Cheap Wireless Gateways

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+ = yes  x = no  ? = unknown or unclear
Firewall ISP connection
Unit Configuration DHCP Server Logs and patterns NAT Punch through DHCP Client PPPoE WEP MAC cloning Users VPN Ethernet AppleTalk Modem AOL Print spooler Price (12/2002) Notes
3Com 11 Mbps Wireless LAN Access Point 2000 Windows setup then all Web
(XML-compliant browser)
+ + ? + ? 128-bit ? 253 addresses +
no details
x x x x $200 Lacks enough detail in online tech specs and manual
Agere Orinoco RG-1000, RG-1100 and BG-2000 Windows, Mac software

Third-party Java tools

+ + ? + + 64-bit (RG-1000)
128-bit (RG-1100/BG-2000)
? 250 addresses +
IPSec (all)
PPTP/L2TP (BG-2000 only)
1 LAN/WAN + +
x x RG-1000: $180
RG-1100: $150
BG-2000: $133
Apple Airport Base Station 2.0 Mac software for Mac OS 8 through X

free Java, Windows tools

+ + + + + 128-bit x 50 users +
1 WAN (10/100)
+ +
via direct dial-up
x $300 Beware older unit which cannot be upgraded to new features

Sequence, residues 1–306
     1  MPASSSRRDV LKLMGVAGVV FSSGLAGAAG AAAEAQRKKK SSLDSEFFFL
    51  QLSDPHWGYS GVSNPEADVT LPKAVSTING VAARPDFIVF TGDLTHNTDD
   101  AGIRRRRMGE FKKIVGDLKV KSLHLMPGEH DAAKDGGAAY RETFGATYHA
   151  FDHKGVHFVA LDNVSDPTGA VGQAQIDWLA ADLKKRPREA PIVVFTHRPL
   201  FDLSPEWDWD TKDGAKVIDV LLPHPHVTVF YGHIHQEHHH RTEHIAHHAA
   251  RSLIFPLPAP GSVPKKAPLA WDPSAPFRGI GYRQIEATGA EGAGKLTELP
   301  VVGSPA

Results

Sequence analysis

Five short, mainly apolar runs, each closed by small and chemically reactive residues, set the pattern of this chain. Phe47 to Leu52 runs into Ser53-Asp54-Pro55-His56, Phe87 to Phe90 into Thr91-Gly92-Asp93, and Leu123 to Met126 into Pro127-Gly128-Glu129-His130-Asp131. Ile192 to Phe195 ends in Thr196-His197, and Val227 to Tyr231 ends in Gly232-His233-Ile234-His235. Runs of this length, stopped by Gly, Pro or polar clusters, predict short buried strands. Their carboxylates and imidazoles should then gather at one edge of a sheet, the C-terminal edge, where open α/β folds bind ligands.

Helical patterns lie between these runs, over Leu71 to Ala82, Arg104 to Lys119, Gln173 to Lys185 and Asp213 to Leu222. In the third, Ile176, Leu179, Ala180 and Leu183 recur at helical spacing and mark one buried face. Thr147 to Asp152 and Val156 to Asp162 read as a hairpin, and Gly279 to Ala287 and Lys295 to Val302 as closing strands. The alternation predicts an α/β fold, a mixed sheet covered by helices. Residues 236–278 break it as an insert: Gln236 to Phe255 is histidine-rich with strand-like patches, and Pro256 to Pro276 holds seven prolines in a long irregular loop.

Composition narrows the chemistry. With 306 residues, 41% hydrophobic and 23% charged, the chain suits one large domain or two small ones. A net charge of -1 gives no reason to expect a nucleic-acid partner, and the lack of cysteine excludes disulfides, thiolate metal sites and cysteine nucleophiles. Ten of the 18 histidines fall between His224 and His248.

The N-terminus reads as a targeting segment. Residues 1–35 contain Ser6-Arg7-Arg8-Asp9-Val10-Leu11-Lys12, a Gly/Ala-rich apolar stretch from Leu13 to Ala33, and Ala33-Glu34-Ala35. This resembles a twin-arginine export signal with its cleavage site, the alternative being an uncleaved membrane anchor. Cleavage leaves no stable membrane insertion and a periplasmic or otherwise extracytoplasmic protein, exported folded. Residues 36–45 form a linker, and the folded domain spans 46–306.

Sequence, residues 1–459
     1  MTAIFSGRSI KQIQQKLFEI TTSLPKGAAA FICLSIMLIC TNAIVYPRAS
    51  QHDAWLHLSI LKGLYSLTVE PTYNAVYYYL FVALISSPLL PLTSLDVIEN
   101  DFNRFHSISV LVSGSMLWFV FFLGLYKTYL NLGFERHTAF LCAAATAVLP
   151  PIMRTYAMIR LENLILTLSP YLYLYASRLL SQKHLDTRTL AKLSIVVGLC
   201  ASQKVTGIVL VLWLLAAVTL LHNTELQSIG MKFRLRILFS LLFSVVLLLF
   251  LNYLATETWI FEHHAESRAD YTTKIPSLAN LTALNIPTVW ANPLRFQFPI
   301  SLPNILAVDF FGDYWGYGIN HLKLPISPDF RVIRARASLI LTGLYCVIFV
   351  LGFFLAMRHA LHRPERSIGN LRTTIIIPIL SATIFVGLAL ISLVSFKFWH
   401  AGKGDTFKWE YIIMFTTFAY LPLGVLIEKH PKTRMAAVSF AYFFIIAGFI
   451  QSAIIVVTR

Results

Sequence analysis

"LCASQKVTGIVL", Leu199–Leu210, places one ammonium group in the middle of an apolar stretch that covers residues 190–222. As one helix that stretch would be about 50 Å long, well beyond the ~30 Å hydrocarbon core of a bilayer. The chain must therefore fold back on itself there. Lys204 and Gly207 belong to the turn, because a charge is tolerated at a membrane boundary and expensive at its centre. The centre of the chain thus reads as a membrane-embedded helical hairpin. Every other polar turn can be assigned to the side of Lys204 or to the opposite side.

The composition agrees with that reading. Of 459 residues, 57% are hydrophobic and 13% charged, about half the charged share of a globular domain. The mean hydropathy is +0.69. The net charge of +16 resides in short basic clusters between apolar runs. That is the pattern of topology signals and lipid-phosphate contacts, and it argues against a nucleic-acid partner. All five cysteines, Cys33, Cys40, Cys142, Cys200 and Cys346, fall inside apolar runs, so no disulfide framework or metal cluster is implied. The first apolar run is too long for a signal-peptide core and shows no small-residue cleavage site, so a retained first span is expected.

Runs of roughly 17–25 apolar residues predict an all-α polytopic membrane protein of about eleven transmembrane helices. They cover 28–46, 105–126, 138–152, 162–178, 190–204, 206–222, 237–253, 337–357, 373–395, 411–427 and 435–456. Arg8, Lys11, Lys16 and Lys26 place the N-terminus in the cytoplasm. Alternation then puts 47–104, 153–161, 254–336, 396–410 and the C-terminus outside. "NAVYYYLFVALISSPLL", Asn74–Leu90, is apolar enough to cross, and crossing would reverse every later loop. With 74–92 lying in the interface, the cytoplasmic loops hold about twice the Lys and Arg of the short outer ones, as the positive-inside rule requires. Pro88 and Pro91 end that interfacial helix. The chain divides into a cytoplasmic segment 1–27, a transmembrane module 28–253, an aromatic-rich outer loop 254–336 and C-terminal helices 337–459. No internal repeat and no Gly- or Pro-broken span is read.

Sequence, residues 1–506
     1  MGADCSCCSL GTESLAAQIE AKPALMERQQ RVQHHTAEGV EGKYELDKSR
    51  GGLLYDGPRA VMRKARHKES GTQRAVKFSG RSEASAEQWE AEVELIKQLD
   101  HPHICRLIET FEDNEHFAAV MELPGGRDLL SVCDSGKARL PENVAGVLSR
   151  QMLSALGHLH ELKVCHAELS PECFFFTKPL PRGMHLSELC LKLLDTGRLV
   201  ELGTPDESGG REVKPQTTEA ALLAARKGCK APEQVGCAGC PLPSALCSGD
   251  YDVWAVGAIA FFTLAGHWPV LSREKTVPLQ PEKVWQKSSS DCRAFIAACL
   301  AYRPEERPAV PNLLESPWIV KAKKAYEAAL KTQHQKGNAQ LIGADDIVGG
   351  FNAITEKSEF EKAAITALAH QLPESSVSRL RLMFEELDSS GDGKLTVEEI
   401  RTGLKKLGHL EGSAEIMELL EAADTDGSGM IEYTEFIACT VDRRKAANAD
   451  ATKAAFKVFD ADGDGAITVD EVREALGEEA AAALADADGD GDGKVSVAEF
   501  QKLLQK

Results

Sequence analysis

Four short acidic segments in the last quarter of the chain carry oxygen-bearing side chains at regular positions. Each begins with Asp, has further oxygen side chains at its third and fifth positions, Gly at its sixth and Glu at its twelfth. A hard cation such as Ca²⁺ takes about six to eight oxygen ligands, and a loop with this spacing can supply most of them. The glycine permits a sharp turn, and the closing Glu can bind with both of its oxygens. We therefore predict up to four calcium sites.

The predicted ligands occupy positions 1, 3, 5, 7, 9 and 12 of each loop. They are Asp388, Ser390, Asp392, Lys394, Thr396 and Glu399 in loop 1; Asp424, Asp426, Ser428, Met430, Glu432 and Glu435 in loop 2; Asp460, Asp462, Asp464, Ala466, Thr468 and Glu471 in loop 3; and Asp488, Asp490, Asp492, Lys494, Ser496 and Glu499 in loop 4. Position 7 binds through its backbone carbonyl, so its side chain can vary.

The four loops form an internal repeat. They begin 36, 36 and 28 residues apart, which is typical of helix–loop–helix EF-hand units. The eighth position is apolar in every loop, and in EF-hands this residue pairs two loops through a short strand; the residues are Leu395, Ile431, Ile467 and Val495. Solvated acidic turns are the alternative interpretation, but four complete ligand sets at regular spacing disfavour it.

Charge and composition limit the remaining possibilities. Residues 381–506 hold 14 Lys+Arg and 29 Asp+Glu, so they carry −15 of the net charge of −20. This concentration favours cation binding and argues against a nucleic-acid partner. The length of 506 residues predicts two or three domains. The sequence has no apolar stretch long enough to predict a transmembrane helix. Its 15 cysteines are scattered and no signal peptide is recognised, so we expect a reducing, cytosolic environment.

Asanté FriendlyNet FR3002AL-1PCM Web + logging
packet-storm protection
+ + ? + 128-bit + 253 users +
2 LAN (10/100 switched)
+ x x +
Buffalo Technology AirStation L11G-L Web + + + ? + 128-bit + 253 users +
4 LAN (10/100 switched: L11G-L)
undocumented support in some units
x x x L11G-L: $170 L11G can repeat wired traffic to other access points
D-Link DWL-1000AP Web + x ? ? x 128-bit ? ? x x ? x x $160
D-Link DI-711, DI-713P, DI-714 Web,
Mac support
+ + + + 128-bit ? 252 users +
1 (DI-711), 3 (DI-713P), or 4 (DI-714) (10/100 switched)
x serial port: DI-714 x +
Win: DI-713P
DI-713P: $150
DI-714: $155
Intel Wireless Gateway WLGW2011BAK Web + + ? ? ? 128-bit ? 32 users ? 1 WAN
1 LAN (10/100)
x x x x $230 Little to offer
Linksys EtherFast Wireless AP: PrintServer (BEFW11P1), Switch (BEFW11S4) Web + + + + + 40-bit (PrintServer)